The solar greenhouse—a proven heat and food producer for the family home—is beginning to be appreciated for its commercial potential. Many community groups, particularly those in big cities, are hoping that such hothouses might open up business possibilities to enable urban organizations to become more self-reliant.
So far, however, the going hasn't been easy. Even with rising energy and transportation costs, it's still less expensive (in most instances) to grow a tomato in the South or Southwest of the United States and ship it cross-country than it is to produce the same kind of fruit in a local solar greenhouse.
It is probable, however, that the gap between the costs of agricultural transport and local food production will continue to close as fuel prices rise. And greenhouses that incorporate true solar design principles will certainly go a long way toward making economical local crop production a reality.
Furthermore, solar greenhouses will become even more attractive investments as people gain experience in their design and management. It's important to realize that most existing solar greenhouses don't provide the same sort of environmental controls as do conventional commercial greenhouses. The lack of such amenities (which include misting equipment, automatic venting, backup lighting systems, and supplementary CO2 ... and are left out of most solar designs for economy's sake) causes solar greenhouse yields to be consistently lower than those of conventional hothouses!
Improved solar designs are currently beginning to solve such problems, but not all the difficulties in the production of commercial solar growing sheds are structural in nature. As more "solariums" are tested, researchers are beginning to suspect that new horticultural techniques will have to be developed if maximum solar greenhouse yields are to be achieved. In fact, some horticulturists now believe that many of the plant varieties bred to be grown in more conventional greenhouses might not even be suitable for propagation in a fully solar structure. Other scientists are beginning to grapple with the complex and delicate artificial ecosystems created by solar greenhouses, mini-communities which often result in unique pest-management problems.
Despite such obstacles, however, the number of business operations based upon solar greenhouses continues to grow. In general, today's moneymaking "sunhouse" firms are either small, individually owned enterprises, each of which tends to specialize in a single crop ... or else large corporate-owned facilities that most often don't grow produce organically.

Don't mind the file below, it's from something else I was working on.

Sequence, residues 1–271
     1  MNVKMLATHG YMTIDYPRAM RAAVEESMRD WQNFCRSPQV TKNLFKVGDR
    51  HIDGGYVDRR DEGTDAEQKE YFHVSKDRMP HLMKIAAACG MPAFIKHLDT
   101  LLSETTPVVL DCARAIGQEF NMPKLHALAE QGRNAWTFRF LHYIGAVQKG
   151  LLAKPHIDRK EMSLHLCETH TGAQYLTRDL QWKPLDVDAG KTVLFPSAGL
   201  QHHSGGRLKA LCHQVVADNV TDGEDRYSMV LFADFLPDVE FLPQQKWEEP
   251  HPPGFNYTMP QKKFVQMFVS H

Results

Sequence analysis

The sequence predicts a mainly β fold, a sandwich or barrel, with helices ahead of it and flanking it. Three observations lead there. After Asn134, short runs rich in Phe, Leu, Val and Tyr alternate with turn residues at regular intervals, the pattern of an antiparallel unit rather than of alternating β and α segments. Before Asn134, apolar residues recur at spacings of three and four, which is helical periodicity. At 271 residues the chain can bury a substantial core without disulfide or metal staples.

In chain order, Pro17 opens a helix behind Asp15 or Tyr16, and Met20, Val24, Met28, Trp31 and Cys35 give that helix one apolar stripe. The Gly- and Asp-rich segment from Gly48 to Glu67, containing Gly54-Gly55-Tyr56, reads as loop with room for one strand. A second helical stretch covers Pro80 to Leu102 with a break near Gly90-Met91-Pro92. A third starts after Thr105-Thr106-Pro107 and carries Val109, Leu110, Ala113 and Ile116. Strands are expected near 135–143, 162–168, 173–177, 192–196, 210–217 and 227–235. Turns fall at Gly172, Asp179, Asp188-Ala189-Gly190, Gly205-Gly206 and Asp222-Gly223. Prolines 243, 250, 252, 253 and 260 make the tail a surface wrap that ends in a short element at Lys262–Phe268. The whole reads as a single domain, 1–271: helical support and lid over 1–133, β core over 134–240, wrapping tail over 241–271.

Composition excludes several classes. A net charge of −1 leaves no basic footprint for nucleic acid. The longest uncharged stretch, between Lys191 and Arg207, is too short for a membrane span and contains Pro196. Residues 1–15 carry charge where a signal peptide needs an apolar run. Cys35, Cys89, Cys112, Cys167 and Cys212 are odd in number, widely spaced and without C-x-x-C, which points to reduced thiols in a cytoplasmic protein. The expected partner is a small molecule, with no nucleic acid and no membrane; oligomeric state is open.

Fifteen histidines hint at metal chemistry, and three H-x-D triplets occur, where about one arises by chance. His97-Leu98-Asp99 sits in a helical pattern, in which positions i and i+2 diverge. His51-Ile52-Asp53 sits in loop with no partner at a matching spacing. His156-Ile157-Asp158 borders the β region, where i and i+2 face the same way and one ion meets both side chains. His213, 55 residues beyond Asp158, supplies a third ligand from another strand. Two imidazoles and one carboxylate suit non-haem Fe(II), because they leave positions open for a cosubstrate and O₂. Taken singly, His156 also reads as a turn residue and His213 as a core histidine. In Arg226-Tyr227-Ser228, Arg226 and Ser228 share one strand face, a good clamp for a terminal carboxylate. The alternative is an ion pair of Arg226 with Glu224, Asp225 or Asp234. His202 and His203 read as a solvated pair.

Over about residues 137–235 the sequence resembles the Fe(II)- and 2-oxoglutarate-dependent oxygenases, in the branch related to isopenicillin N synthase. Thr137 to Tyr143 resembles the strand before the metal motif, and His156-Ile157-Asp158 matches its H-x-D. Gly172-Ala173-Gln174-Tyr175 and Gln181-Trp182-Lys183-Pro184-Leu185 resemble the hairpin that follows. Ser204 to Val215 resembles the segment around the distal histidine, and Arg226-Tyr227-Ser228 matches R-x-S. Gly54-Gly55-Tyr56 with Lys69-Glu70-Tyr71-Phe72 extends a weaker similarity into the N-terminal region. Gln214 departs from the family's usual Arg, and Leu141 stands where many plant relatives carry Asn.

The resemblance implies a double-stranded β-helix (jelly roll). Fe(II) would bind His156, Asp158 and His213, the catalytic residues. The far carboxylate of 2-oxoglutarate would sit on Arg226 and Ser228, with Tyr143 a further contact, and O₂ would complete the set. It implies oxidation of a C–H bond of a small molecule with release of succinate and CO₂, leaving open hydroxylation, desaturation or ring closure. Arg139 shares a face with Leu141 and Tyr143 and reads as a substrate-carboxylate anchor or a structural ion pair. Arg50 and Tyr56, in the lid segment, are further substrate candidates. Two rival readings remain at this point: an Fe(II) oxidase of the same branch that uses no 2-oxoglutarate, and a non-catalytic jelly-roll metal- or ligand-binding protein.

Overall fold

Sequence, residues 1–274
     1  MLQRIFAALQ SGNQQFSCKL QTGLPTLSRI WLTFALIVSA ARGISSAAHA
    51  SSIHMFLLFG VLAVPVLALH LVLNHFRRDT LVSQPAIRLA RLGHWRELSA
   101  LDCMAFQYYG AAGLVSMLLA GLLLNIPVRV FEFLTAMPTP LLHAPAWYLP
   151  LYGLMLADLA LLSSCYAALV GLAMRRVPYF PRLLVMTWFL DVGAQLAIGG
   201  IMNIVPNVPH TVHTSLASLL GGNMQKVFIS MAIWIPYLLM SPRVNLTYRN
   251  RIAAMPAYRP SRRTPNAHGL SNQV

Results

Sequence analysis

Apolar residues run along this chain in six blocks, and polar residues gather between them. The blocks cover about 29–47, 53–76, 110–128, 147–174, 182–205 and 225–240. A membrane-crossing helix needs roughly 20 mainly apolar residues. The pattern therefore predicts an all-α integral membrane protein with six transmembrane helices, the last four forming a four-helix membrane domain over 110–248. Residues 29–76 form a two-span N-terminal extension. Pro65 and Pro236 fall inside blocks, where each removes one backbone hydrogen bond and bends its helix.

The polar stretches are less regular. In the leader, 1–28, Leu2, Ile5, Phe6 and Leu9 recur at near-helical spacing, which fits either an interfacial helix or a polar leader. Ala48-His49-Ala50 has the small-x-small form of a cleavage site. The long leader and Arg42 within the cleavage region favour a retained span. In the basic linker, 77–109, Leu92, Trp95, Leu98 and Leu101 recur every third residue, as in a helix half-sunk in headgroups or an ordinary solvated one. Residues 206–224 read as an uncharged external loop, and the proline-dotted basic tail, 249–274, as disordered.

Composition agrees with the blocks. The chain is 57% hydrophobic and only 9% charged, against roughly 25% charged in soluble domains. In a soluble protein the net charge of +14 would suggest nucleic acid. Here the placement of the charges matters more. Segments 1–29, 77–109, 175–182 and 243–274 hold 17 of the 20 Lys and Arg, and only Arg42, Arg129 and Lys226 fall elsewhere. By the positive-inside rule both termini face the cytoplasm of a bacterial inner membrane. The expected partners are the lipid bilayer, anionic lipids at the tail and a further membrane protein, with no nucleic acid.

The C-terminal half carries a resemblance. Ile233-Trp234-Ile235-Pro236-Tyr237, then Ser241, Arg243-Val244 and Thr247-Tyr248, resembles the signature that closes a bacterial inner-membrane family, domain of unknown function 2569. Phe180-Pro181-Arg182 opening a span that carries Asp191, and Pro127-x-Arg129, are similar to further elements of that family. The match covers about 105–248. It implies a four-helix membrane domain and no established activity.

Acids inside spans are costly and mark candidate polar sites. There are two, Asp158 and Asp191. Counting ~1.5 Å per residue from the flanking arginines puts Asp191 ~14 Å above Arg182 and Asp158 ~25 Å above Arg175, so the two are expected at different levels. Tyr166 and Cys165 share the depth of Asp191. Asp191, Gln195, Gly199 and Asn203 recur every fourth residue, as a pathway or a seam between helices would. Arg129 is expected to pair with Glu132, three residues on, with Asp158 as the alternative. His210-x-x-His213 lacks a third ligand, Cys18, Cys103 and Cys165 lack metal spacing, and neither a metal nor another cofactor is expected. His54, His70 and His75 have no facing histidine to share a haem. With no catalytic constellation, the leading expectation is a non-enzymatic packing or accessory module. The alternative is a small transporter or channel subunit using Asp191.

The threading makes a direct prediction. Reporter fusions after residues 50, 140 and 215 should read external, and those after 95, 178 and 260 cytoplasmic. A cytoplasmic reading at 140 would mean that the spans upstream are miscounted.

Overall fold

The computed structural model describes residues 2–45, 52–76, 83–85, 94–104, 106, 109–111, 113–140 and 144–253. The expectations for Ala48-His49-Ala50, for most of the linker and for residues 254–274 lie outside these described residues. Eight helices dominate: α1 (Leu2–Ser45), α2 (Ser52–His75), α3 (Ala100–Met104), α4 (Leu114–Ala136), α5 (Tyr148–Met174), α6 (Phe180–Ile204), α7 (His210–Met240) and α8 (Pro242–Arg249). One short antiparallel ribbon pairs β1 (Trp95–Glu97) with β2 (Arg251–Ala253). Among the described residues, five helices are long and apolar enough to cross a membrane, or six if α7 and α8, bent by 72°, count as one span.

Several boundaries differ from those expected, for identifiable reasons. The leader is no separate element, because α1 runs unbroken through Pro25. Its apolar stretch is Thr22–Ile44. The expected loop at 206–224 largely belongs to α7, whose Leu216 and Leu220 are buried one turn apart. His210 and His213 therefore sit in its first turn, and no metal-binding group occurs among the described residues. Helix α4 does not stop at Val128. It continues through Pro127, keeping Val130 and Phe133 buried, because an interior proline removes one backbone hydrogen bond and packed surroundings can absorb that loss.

Such operations can provide several guidelines for anyone interested in trying to earn cash with a solar greenhouse. Here are some "rules of the road" suggested by successful entrepreneurs:
 Capital and operating costs must be kept to a minimum. (This goal can be accomplished by using grants or low-interest loans to finance construction, by employing as few workers as practical, etc.)
 Marketing procedures should always be planned in advance. It's best to locate a fairly consistent group of consumers ... preferably folks who will be willing to pay a little extra to obtain organically grown produce.
 The grower should have excellent horticultural skills, and ought to be sure that his or her abilities are developed before setting up the business. (Knowledge of disease management and pest control techniques is especially important.)
Two notable commercial community greenhouse projects have been recently established ... one in Orange, Massachusetts and another on an Indian reservation in Washington state. The northeastern operation was started—and will be managed—by a food co-op that intends to eventually market its produce. The Washington greenhouse will be run by the residents of the reservation and will sell food to other people who live in the area. Both structures were partially funded by grants from the National Center for Appropriate Technology, which plans to provide $1,000 grants to build another 200 greenhouses during the coming year.
It should not be surprising if these projects require a few years of experience before they become full-fledged, profitable organic solar greenhouse operations. It is most important, at this time, that such experiments are merely underway, that their owners are learning about the management of the projects, and that—in time—they will be able to share their experience with people in other interested groups.
For the past several years, the good folks at the Institute for Local Self-Reliance in Washington, D.C. have worked to help urban residents gain greater control over their lives through the use of low-technology, decentralist tools and concepts. We strongly believe that more people (city dwellers and country folk alike) should be exposed to the Institute's admirable efforts ... which is why we've made this "what's happening where" report by ILSR staffers one of MOTHER EARTH NEWS' regular features.
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